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A forensic pathologist job description isn't exhilarating, but the salary sure is! Learn how to begin a career in forensic pathology & what the best schools are.
If you really want a career in forensics, you have to meet a rigorous schedule of requirements and qualifications. If you can brave through the many years of schooling and training, however, the rewards are great.
What are the rewards, you ask?
A Forensic Pathologist Studies Evidence Through a Microscope
The technical job description states that this position aids other agents in their pursuit of justice by determining if a victim died of unnatural or natural causes.
If you choose this career path, your day-to-day work consists of performing autopsies and running lab tests to make determine the cause of death.
Oftentimes, it's found that a death was natural. Then again, there will be many times when, with an unnatural death, you will be tasked with the job of figuring out just what caused the victim to expire.
It certainly isn't an easy job, but if you find that it is suited to your particular talents, interests, and abilities, you will have the added benefit of a great yearly salary.
Below we'll walk you through the duties of pathologists, what it takes to become one, and what you can expect to your salary to be.
If you have the strength, courage, and determination to get through the requirements to become one, you will experience a world in which you are not just making a healthy living, but are also working to make a difference.
To bring peace to victims' families and justice to criminals.
When you are searching for school that offer a forensic pathology degree, there are a number of factors to keep in mind.
The biggest factor, though, is cost.
Students Studying Forensic Science
In order to begin a career in forensic pathology you will need:
The residency will last from four to five years and there is no getting around having to attend a campus-based institution for medical school--but you have several options when it comes to obtaining a bachelor's degree.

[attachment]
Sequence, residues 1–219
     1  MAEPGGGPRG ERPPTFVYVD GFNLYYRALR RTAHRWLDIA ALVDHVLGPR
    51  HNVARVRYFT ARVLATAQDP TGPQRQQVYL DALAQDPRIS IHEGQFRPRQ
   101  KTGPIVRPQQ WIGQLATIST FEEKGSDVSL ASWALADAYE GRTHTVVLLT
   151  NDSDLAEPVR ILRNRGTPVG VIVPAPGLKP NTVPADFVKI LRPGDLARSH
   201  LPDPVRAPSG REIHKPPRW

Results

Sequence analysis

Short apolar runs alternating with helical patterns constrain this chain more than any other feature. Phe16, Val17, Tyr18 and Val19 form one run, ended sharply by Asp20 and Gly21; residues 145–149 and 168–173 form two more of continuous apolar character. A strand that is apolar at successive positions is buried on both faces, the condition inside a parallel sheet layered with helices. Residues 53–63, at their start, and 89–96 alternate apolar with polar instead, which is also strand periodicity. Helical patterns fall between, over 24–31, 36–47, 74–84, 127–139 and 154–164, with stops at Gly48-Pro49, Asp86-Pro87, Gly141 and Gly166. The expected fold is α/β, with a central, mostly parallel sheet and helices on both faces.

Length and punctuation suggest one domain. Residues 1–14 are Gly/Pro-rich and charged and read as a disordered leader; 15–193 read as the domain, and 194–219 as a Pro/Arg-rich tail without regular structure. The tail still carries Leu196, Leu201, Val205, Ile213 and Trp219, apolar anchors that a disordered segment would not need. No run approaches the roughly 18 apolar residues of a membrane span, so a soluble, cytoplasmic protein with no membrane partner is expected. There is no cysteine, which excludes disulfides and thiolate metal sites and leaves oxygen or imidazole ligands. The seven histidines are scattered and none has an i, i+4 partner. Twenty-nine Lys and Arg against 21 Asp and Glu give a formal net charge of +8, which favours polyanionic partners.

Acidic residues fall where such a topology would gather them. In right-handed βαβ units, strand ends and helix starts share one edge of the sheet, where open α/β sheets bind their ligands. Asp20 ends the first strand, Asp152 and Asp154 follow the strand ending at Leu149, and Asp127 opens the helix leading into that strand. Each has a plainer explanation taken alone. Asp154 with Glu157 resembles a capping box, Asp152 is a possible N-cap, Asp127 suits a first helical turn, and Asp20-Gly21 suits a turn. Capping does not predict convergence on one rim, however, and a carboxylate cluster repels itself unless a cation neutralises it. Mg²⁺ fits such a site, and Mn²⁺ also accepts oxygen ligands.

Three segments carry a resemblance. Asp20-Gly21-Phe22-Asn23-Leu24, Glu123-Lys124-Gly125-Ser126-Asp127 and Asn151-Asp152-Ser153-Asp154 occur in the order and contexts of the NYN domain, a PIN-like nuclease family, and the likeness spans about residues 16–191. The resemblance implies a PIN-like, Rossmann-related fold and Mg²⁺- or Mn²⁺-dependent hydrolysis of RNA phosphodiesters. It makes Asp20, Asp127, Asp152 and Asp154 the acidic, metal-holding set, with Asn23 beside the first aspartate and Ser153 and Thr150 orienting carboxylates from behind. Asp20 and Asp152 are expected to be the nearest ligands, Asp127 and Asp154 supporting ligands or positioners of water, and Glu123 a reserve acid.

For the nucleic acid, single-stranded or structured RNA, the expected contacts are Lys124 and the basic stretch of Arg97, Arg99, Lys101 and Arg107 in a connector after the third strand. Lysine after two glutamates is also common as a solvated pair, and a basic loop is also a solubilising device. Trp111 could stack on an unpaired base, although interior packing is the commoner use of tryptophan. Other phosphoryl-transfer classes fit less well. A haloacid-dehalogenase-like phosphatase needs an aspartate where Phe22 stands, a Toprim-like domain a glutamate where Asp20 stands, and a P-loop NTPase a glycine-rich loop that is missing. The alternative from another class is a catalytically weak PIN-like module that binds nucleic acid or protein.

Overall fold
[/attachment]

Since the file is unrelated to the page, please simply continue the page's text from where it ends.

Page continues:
The traditional route, of course, is to spend four years at a university, living in a dormitory, and eating from the cafeteria.
But this can prove to be horrendously expensive (especially when you think of the additional schooling and training you'll need to pay for), taking into account tuition, room and board, and other special fees.
And if you're an adult with a family, this route is impossible. Don't worry though--you have another option.
We know, you're skeptical about the validity of getting a degree online. But we're sure that the more you research it, the more it will seem like a really fantastic idea.
Employers don't turn their noses up at web-earned degrees, as you might think. And while you're taking classes, you can stay with your family in your home, keep your day job, and create your own schedule.
And, most importantly perhaps, you can save a ton of money that will be better used for your post-graduate education.
Here are a list of great universities and colleges you may want to check out if online schooling appeals to you:
If you enter a career in forensic pathology, you can expect to be compensated well for your trials (as in a 6 figure salary).
However, the job itself is demanding, requiring a vast knowledge of the human anatomy. And, as we've already discussed, the rigors of getting your education and training can be incredibly difficult to overcome.
But if you have the determination and perseverance, you can earn quite a living in this line of criminal justice.
The average salary for this career is upwards of $100,000 per year. And if you are in a senior position, depending on your record and abilities, you can earn well over that amount.
We've already discussed in fairly great detail just how difficult it is to officially enter this field. We've also covered the many and great rewards you will reap once you've joined the pathology ranks.
But exactly does forensic pathology entail?
This is someone with an extensive education, being trained in human anatomy and forensics, who aids an investigation by determining the cause of death of a corpse.
By examining the deceased, the story of what happened to whom, how, and where can begin to unfold.
It is at the request of a coroner or medical examiner that the pathologist performs an autopsy. But what is he or she looking for?
This job requires looking to determine whether someone's death was:
In order to determine the cause of death, the following actions are performed:
The work in this field is hard, the hours long, and the responsibilities numerous, but the job is an incredibly important one.
By working in forensic pathology, you are not just making a living; you are making a real difference.
The investigation of death is different depending on where in the world you're working. This is also true of the many qualifications and requirements of becoming a pathologist.
In the United States, forensic pathology was first recognized by the American Board of Pathology in 1959. In Canada, however, the profession was fully and officially recognized until 2003.
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